Contacted for comment, Health Minister Sussan Ley said: “I can assure all ns that as we develop an electronic health record system for the 21st century, all privacy and security measures will be taken to ensure the protection of a patient’s personal details.”
Tony Moy wins the Jarvis Walker tacklebox and Tsunami lure pack for this 100cm flathead, caught and released in Lake Macquarie this week.NOW the weather is warming up, the flathead are on the move throughout all local estuary systems, according to Brett “Hammer” Hancock from Tackle World Port Stephens.
“The water warms up quickly and it’s a breeding time of year.
“Guys are mainly getting them on soft plastics.
“You get one or two big females hanging with a bunch of males.
“The big girls can be easy to catch because they congregate in numbers.
“You want to let those fish go, anything below 60 centimetres keep, but above, let them go – it’s not good to kill the big girls.
“Everyone wants a feed of fish but be selective.”
Hammer said flathead usually have two breeding times: October/November and March/April.
THERE’S been no shortage of flathead in Lake Macquarie this week either.
Tony Moy, pictured, caught a 100cm flathead at Swansea on Friday.
Tony and mate Steve hit the water just after sunrise and while targeting bream on light gear, Tony’s rod buckled over and line went spooling from the reel.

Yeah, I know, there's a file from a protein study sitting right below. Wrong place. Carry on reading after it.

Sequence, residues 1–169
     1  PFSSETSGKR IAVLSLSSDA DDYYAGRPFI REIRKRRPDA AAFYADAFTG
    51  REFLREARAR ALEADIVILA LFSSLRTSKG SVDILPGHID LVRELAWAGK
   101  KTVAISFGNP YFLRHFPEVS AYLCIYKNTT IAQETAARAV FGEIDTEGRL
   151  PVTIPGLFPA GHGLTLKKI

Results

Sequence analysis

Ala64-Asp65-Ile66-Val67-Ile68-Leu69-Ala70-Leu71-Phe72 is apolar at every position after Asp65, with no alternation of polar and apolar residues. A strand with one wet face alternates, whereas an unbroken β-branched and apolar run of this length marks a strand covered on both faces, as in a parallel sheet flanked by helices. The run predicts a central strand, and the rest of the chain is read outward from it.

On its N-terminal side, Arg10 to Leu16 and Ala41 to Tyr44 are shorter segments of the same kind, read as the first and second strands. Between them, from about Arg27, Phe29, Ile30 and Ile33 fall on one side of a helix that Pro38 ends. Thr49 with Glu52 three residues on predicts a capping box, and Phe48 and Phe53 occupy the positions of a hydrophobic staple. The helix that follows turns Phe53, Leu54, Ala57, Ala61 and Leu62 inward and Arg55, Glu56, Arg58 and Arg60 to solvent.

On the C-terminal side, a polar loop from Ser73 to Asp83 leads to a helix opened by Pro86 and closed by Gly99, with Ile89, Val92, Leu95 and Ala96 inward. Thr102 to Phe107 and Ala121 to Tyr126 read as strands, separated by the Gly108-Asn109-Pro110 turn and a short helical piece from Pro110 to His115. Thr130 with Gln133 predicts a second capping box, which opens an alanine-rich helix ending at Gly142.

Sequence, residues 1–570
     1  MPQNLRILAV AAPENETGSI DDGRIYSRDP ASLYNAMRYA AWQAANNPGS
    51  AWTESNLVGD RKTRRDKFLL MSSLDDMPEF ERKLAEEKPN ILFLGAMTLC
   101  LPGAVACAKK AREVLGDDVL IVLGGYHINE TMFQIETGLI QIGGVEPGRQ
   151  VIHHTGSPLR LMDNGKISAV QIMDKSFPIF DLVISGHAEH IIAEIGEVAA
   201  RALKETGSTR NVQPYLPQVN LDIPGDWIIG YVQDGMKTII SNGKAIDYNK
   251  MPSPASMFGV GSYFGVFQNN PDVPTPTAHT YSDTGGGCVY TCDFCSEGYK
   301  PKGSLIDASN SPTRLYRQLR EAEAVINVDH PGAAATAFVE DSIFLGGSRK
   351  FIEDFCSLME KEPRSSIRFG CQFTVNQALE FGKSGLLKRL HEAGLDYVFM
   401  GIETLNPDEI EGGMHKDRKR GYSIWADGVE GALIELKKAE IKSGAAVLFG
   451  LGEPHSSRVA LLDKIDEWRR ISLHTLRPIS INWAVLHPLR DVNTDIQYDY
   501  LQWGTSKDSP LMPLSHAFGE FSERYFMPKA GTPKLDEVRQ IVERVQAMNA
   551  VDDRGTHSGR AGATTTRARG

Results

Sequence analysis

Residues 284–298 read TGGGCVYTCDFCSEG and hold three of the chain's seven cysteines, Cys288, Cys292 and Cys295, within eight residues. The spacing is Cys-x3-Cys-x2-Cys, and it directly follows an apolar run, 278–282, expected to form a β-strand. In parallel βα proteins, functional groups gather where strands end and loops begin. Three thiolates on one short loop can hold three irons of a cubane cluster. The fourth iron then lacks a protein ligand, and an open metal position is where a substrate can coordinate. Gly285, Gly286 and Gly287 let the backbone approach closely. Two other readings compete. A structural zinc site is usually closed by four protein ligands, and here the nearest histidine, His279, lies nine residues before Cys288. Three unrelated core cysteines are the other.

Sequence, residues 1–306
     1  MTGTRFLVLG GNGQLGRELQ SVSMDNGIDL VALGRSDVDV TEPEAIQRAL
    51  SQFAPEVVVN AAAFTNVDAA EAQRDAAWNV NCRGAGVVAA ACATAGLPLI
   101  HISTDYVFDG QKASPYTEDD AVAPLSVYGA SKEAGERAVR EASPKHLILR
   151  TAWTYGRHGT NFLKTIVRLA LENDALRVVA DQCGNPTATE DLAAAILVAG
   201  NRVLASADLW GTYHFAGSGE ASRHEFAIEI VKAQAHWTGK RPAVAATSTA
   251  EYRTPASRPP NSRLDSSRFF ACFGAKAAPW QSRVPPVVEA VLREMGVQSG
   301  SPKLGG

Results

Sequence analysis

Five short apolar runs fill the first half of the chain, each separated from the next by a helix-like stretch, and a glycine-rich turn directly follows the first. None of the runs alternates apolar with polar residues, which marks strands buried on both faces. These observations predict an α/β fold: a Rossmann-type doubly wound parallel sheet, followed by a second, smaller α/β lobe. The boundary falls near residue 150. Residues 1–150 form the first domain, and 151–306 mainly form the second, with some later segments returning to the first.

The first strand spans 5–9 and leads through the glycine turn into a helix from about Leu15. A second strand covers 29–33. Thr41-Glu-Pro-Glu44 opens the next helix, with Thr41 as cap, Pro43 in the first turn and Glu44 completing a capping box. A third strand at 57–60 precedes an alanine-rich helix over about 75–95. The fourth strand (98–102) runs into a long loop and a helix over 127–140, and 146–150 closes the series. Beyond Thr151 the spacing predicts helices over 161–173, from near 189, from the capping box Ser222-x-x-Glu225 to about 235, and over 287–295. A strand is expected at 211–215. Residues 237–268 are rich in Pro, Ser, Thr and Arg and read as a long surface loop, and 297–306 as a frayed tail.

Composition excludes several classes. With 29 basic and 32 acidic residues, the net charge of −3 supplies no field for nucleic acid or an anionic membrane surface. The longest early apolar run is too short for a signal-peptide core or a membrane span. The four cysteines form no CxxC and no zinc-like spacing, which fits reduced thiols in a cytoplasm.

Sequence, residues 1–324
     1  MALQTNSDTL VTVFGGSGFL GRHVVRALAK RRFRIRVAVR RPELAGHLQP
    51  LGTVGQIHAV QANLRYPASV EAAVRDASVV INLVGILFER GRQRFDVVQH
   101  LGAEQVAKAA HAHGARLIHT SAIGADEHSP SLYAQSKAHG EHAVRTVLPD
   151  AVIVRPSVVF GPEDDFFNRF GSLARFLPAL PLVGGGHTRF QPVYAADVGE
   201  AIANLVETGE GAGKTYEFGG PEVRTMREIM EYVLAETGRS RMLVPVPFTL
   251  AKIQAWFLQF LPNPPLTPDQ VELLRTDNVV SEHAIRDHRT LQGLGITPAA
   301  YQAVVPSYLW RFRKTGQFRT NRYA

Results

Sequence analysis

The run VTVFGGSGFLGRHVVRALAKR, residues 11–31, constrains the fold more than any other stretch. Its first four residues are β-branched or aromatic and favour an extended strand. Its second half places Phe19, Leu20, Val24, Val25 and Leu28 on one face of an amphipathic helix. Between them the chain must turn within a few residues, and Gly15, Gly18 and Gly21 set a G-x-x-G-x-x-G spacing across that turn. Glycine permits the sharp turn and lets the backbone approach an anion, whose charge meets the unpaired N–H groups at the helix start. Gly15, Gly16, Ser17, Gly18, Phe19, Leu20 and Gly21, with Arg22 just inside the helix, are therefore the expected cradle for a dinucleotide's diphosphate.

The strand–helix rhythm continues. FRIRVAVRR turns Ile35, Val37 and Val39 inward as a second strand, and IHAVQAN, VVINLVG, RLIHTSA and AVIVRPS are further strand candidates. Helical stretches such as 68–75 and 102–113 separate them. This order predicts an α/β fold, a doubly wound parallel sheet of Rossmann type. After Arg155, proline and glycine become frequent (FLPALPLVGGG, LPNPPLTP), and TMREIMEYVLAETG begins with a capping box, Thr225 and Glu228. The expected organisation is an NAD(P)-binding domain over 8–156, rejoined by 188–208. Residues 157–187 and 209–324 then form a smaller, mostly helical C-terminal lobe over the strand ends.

Steve thought a big jewfish had picked up Tony’s bait from the way it ran for deeper water.
“After a long battle on light line with the fish running from the boat several times, we found it was too big for our net so it was lifted in carefully with a gaff placed under its jaw so as not to hurt the fish,” Tony said.
“She was always going to be returned to the sea to breed and keep the waters filled with fantastic fish like this.”
Later in the day Tony landed a 75cm flathead so there are plenty of lizards about.
Byrnne Tran with his 80cm flattie.
Byrnne Tran got an 80cm flattie fishing the lake around Valentine last Saturday. He backed that up with a bag of bream on Sunday.
Sasha Garner got this 70cm flathead off Pulbah Island.
Sasha Garner got a 70cm flathead off Pulbah Island on Sunday, while Noah Hamilton caught and released a 76cm lizard on plastics using bream gear.
Noah Hamilton caught and released this 76cm lizard.
Meanwhile, Ryder Sutton, 11, opened his fishing account with a shovel-nosed shark up at Forster the other day. Check out the pics online.
He’s on. Ryder Sutton braces for battle.
Holy cow. Ryder takes on board what he’s taken on board.
Easy does it now. Ryder takes control.
Proud moment. Ryder parades his catch.
WHILE we’re talking lizards, don’t forget the Allworth Flathead Classic is running next weekend, October 24 and 25. Pre-entries are available online. For further details ring 0428 945 860.
THERE’S been some great snapper around on the inshore reefs off the coast. Plenty of fish around the 5-7kg mark in the shallows off Big Island and even off the rocks, according to Hammer and Duff.
“Blake Chaffey nailed some nice reds up to 3kg around Boat Harbour,” Hammer said.
“And there’s a good chance you’ll get drummer too after this southerly change. Definitely worth a crack early morning.”
Duff reports a few kings and jew off Horse Shoe Bay and around Big Island and flathead in the 50m line.
“There have been a few whispers about marlin but nothing out of the box.”
Those whispers may have come from Hammer who tagged an 85kg striped marlin out on the Shelf a week or so ago.